- David Warren
- Last Active
- No Roles
I do not remember the exact dates the laws were passed for things like direct deposit, 401(k), and Section 125, but I remember my employer implementing all of them in the 1980s and we were a fairly early implementer. Before my time, but if we were talking 1960 or so, we are talking largely cash only, no checks. I actually did temp work at a cash only place in the 1970s. Payroll issued a slip and the employee would take it to a different floor to cash it, Anyone who did ADP way back when might remember a "cash page" spelling out exactly how much currency you needed.3
Stay out of OH. Along with PA these states are Payroll Hell.3
Glad I have missed that one. [bleep happens]. If it happens more then once, then someone gets fired. Maybe the payroll manager. All employers have problems, although not usually the one the last poster mentioned. First time it happens, you can plead ignorance. 2nd and 3rd times the plea is stupidity and that gets old quickly.
My last employers had a lot of visa people. Which is fine. But visas expire. They change types. When these things happen, tax requirements change. In a perfect world, HR would keep track of such things and follow up. I have never lived in such a world. Payroll did the following up on visas, not because it is normally a payroll function, but because HR's mistake becomes payroll's major problem. That happens enough times, you take the weak link out of the loop.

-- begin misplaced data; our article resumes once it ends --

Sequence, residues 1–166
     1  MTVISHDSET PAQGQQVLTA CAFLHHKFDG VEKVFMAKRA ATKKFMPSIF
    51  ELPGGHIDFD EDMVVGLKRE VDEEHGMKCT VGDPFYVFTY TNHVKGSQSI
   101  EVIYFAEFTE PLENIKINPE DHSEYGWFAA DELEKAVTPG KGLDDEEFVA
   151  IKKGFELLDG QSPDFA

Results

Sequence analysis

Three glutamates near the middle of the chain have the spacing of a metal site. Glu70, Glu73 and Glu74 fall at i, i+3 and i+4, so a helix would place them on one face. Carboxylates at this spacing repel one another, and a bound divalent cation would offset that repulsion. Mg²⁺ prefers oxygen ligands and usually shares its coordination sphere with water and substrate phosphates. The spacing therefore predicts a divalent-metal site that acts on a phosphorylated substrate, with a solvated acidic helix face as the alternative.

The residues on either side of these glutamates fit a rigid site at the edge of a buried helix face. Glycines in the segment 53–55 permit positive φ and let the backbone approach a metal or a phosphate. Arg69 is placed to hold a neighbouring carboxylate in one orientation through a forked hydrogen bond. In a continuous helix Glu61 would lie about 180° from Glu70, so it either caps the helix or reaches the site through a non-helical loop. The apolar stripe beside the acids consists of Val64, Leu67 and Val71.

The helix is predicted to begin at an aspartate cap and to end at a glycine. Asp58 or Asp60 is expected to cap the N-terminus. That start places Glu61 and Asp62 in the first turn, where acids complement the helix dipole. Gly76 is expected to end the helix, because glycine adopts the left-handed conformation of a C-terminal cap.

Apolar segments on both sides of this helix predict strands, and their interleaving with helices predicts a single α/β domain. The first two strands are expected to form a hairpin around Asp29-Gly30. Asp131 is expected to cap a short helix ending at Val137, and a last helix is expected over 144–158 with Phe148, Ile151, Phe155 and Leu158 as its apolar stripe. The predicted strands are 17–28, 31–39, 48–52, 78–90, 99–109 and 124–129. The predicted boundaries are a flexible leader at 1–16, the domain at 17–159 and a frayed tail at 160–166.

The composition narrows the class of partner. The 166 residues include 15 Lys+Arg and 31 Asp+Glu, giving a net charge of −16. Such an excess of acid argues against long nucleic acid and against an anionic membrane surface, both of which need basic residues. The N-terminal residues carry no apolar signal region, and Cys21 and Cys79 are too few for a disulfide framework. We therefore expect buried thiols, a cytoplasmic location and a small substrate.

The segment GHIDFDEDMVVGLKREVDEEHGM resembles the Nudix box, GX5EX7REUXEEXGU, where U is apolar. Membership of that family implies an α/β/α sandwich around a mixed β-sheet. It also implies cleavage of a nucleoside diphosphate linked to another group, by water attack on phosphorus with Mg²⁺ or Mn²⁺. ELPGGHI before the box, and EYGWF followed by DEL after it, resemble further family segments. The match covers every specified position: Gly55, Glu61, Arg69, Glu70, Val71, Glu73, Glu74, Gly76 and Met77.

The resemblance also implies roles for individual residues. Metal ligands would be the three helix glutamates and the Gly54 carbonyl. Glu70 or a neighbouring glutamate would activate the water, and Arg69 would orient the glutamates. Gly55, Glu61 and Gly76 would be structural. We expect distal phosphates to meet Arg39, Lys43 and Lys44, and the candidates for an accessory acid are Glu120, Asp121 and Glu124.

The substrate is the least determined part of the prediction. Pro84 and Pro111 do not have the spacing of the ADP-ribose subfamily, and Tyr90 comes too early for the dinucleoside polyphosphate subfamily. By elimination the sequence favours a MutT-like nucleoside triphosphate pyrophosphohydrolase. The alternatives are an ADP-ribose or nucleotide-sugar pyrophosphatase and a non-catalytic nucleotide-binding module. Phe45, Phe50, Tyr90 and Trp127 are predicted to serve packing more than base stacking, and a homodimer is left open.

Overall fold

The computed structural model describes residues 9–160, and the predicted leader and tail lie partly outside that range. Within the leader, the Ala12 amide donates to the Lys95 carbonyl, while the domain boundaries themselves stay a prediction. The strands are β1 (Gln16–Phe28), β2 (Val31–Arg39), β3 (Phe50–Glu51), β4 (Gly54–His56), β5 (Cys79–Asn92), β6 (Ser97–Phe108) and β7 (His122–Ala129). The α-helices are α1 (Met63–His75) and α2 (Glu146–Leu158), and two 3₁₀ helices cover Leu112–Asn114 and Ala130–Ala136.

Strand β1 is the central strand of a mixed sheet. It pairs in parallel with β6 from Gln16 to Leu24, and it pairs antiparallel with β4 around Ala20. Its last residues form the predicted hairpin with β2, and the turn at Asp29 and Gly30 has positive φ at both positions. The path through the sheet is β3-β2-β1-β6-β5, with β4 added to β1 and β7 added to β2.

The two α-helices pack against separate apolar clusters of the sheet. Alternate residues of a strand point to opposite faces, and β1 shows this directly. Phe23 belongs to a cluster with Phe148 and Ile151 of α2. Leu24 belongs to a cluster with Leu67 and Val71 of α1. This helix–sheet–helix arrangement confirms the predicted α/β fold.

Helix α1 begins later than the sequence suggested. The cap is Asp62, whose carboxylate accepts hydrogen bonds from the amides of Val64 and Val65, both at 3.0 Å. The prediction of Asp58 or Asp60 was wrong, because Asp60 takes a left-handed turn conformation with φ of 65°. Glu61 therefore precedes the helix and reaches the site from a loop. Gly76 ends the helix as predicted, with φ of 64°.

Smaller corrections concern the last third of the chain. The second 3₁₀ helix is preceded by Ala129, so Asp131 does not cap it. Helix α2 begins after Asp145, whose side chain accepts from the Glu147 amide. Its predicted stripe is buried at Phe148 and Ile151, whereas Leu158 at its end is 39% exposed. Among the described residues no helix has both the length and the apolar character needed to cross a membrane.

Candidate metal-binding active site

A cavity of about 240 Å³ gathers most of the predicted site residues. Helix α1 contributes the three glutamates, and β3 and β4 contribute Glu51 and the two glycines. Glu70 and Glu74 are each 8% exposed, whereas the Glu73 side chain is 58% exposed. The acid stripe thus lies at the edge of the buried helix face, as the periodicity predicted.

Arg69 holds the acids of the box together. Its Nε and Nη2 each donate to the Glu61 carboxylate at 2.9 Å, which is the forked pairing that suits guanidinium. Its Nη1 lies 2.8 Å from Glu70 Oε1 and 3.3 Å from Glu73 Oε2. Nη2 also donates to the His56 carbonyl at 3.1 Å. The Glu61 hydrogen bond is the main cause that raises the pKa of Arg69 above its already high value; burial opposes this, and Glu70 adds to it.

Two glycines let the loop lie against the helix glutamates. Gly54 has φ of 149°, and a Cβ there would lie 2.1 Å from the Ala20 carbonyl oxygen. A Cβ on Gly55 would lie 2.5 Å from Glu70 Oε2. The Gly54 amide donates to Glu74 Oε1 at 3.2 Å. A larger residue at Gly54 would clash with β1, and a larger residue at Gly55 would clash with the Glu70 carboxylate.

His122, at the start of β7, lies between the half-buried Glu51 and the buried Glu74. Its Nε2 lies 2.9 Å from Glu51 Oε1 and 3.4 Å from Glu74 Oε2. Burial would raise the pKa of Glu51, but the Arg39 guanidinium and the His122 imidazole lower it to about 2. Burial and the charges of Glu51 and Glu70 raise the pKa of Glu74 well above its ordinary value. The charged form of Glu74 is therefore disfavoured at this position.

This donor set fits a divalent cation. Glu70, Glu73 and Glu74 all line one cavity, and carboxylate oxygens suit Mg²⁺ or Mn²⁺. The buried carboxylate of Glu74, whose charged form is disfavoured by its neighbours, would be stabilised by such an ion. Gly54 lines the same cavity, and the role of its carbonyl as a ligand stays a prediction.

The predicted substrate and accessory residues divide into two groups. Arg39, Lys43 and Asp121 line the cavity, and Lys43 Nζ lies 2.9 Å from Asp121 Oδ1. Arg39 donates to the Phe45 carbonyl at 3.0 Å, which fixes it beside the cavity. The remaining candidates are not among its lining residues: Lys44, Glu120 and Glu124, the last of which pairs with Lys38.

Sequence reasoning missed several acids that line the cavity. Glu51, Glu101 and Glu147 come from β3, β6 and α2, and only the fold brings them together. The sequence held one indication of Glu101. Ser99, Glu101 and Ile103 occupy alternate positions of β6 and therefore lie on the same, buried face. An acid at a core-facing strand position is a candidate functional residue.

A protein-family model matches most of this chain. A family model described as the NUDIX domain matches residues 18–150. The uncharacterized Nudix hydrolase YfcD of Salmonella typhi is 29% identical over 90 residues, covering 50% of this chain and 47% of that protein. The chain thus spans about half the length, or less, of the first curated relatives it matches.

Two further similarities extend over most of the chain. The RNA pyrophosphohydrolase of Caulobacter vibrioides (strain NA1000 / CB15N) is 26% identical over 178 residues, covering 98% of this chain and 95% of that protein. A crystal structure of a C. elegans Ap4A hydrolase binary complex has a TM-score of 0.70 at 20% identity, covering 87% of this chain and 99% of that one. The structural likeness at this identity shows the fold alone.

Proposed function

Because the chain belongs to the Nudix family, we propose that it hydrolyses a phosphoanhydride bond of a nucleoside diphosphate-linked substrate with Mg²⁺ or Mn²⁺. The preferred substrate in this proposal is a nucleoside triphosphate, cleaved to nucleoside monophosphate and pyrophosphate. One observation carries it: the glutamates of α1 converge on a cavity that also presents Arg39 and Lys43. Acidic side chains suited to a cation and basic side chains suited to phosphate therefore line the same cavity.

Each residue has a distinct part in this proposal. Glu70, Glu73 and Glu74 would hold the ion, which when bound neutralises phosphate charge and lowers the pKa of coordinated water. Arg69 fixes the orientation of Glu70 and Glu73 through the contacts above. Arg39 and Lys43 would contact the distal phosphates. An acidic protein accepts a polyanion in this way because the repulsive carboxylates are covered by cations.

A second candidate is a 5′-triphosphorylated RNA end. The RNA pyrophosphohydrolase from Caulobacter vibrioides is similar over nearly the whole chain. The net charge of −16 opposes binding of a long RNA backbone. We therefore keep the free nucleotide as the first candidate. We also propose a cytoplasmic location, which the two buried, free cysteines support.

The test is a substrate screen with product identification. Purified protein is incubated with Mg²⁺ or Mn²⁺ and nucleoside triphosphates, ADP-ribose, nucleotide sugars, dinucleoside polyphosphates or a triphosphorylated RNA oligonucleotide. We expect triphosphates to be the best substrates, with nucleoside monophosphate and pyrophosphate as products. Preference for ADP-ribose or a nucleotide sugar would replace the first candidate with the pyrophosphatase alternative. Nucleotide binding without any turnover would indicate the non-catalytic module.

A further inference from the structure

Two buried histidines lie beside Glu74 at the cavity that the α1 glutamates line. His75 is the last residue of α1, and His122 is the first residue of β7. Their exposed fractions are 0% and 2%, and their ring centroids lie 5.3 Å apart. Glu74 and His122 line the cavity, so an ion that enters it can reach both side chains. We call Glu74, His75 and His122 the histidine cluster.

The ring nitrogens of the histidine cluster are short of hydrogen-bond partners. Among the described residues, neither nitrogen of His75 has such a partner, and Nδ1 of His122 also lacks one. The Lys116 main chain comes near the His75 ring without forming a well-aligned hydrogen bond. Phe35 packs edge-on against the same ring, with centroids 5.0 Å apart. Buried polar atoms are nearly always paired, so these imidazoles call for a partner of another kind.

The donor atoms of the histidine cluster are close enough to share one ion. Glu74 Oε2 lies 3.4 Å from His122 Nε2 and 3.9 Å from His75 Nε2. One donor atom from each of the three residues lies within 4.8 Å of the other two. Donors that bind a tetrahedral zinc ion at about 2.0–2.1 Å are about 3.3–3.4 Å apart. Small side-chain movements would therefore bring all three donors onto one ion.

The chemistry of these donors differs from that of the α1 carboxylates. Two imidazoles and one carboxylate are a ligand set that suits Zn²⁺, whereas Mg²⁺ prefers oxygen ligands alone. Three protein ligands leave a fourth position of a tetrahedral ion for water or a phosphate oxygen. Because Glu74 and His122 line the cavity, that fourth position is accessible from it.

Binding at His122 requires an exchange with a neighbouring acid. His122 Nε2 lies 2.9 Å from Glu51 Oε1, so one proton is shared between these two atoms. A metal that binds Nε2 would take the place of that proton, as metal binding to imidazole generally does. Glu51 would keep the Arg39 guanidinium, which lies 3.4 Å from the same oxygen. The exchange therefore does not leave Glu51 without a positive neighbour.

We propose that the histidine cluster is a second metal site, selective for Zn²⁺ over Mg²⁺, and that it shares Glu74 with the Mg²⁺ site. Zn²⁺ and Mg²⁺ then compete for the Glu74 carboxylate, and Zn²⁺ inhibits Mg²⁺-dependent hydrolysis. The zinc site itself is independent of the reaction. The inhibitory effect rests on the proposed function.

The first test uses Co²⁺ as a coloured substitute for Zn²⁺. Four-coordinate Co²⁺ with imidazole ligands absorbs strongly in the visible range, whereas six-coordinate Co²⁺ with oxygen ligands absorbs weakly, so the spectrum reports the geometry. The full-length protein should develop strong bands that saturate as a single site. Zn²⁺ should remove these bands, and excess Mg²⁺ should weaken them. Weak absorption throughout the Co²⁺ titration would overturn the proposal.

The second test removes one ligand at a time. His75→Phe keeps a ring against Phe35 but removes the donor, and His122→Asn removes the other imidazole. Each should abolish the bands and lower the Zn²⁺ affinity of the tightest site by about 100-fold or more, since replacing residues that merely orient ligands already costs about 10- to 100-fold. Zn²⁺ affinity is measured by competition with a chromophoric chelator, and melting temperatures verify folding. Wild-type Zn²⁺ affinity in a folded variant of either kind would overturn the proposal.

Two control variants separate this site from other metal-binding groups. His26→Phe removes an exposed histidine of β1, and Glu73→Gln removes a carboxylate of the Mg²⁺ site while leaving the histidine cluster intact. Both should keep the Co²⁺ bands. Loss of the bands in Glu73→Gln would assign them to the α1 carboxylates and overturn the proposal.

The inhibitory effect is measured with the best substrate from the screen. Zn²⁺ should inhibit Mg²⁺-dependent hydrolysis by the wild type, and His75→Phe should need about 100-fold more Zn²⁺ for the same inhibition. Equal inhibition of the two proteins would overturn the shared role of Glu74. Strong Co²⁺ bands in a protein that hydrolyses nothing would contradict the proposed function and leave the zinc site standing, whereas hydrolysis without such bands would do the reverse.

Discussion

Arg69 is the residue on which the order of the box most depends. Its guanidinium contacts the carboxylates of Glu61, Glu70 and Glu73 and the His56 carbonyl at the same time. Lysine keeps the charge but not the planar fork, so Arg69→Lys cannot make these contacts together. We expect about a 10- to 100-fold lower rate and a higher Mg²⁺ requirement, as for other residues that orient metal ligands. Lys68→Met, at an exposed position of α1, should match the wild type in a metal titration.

Same thing with deductions. If HR is not competent to handle deductions, talk to Very Senior Manager and get someone else to do it. But this notion that it is payroll responsible that an error was made 18 months ago, neither the employee or HR caught it, that payroll did EXACTLY what they were told to do and it is somehow payroll's fault leaves me very cold. If you are going to make me clean up your messes, give me the staffing to handle the front end and avoid the mess in the first place.3
You have several legally unrelated issues here:
- Employee vs. independent contractor (IC) is a factor of statutory law. It cannot be waived. There is a ton of law and a ton of court decisions, including a few SCOTUS here. If I am going to say that Jan in an IC, then Jan better have a lot of clients and be advertising to get more. Plus pass a bunch of other tests. One "client" ICs are very unusual legally.
- Benefits is a function of a whole different set of laws. Mostly ERISA but many benefits have laws specific to that benefit. So, look up each benefit one at a time and do not assume that there is a one-size-fits-all answer here. Generally speaking only employees get benefits. Giving an IC benefits by itself would be a factor in saying that a worker is really an employee.
- This is not DIY. You need a really good attorney if you want to play these type of games. There are a lot of companies who thought they had good attorneys and still ended up in court for the exact sort of thing you are talking about.
Not the question but the big thing is having an I-9 with no obvious missing required fields for every active employee. The key is if you are audited you want the auditors to never come back from lunch. At least once a year, bring a temp in and make sure that you have a "valid" I-9 for every current employee. An alpha binder works great. Yes, there is a rule that you need to keep the I-9 xxx days after termination, which is fine, but if you already passed the big test (the one I mentioned first), the chances the auditors are going to dig in and look for the small stuff is poor. If you fail the first test, you are fired, and have no real interest in what the auditors turn up later on.
Some people put the I--9 in the personnel file. BAD IDEA. Get the I-9s together and do not let ICE auditors dumpster dive your personnel files.1